If I were a drink – I would be a fine glass of wine – “sophisticated, refined, complicated, and hard to deal with.”
That is one response from the 10 question quiz “What Kind of Drink Are You?” available on BrainFall.com, a website that was launched by four Berkeley students in 2007. YouThink.com is another website that offers answers to some of life’s more relevant questions, like: “What kind of Chapstick are you?” or “Which famous Serial Killer are you?”. I took the quiz, “What kind of Drinker are you?” and agreed with their findings: I spend most of my time sober.
But, according to a 2007 study conducted by the BC Centre for Social Responsibility (CSR), “alcohol consumption in general and binge drinking in particular are fairly common activities engaged in by post-secondary students.” Most people I know wouldn’t be surprised by that conclusion – perhaps a bit like performing research on dogs and concluding that they engage in an activity called ‘fetch.’ But their study did tap into an interesting and highly relevant debate: what exactly constitutes binge drinking?
According to the CSR study, the definition of binge drinking depends on who you are, and particularly what country you come from. In the U.K. for example, eight drinks for men and six drinks for women over the course of a single occasion constitutes binge drinking, while here in Canada, women who have four drinks in one sitting and men who have five are considered bingers.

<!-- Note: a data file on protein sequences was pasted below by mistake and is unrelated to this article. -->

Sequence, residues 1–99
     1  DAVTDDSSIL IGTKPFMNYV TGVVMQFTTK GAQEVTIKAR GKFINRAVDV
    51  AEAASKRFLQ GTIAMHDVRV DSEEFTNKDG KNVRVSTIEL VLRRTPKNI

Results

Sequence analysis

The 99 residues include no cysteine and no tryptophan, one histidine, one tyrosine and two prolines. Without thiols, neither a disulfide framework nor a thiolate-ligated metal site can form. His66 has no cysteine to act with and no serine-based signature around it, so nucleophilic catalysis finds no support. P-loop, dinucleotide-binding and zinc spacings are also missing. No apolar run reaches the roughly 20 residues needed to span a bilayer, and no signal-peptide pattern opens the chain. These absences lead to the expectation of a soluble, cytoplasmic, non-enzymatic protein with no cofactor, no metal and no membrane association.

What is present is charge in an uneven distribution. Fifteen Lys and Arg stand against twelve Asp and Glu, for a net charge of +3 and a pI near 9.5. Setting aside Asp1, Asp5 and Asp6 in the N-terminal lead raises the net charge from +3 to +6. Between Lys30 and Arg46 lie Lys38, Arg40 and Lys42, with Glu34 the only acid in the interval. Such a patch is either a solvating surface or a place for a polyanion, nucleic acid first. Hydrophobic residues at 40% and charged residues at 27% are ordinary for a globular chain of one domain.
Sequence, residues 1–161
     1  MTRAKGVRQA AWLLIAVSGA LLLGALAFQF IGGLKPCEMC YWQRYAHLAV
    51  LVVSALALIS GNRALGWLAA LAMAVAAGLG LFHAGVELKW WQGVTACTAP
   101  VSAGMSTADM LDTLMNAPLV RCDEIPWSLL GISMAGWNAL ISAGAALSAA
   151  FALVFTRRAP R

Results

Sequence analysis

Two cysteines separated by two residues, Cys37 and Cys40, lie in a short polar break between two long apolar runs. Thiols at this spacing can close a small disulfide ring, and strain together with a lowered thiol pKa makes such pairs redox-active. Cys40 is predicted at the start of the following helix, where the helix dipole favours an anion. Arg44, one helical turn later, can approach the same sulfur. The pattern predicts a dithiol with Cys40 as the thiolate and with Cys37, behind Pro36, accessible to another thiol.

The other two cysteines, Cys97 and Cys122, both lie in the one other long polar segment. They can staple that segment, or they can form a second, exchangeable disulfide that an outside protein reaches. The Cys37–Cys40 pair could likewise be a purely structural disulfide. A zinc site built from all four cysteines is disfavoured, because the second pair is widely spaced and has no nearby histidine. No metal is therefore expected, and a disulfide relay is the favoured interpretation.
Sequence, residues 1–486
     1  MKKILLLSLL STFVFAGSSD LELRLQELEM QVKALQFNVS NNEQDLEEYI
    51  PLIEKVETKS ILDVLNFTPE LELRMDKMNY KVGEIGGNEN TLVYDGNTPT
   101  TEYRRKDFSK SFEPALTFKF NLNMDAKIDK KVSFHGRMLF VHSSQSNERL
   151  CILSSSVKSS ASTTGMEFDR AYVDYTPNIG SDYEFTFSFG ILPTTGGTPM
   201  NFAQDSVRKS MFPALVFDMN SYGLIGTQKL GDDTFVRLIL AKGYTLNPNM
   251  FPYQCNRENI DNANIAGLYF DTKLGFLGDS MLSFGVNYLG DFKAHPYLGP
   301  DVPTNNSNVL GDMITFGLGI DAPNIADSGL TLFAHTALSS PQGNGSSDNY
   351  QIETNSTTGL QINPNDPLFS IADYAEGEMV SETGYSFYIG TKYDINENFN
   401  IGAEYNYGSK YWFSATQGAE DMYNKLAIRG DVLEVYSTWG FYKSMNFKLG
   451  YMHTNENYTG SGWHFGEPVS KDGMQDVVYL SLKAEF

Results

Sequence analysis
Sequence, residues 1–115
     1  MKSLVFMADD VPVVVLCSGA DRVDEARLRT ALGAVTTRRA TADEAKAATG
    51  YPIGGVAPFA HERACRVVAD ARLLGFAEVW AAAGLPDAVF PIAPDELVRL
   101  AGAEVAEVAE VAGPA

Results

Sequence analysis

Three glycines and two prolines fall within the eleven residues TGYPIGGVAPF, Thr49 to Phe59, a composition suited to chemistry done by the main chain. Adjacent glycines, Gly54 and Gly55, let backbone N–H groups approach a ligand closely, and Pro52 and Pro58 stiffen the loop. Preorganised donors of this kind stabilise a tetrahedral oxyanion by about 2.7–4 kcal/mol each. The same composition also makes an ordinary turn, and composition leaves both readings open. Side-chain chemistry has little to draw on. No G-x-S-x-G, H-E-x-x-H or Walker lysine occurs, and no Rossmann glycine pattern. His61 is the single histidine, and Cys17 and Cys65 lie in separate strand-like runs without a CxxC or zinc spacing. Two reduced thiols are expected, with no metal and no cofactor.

But students in B.C. don’t necessarily agree. In an article published by The Vancouver Sun in September 2008, one U.B.C. student told reporters that five drinks seemed low.
More recently, C.B.C. took an in-depth look at alcohol consumption in Canada in a series called High Spirits. On October 21st, 2008 The National featured a story on the growing number of problem drinkers among female students between 18 and 24. They found that up to 40 percent are binging.
The pitfalls of binge drinking are widespread: having your shoe used as a toilet, waking up the next morning in a strange bed, suffering the agony of a violent hangover, the list is endless. But binge drinking can also impose a more serious cost on many students.
Binge drinking is linked to increased rates of assault and sexual harassment. A recent study has also found that regular binge drinking may be linked to long term brain damage. Over the long term, heavy drinking is also associated with liver damage, heart disease, and some forms of cancer.
Monday’s charge of 16 employees and the directors of Lake Joseph Club (north of Toronto) for allowing drunkenness on the premises and serving liquor to intoxicated individuals is a stark reminder of both the potential implications and social responsibilities that come with drinking and serving alcohol. Three of the four patrons involved in this situation later died when their car crashed along the highway. The bill for their lunch showed they had been served 31 drinks.
Binge drinking: a growing student trend that can have sobering consequences.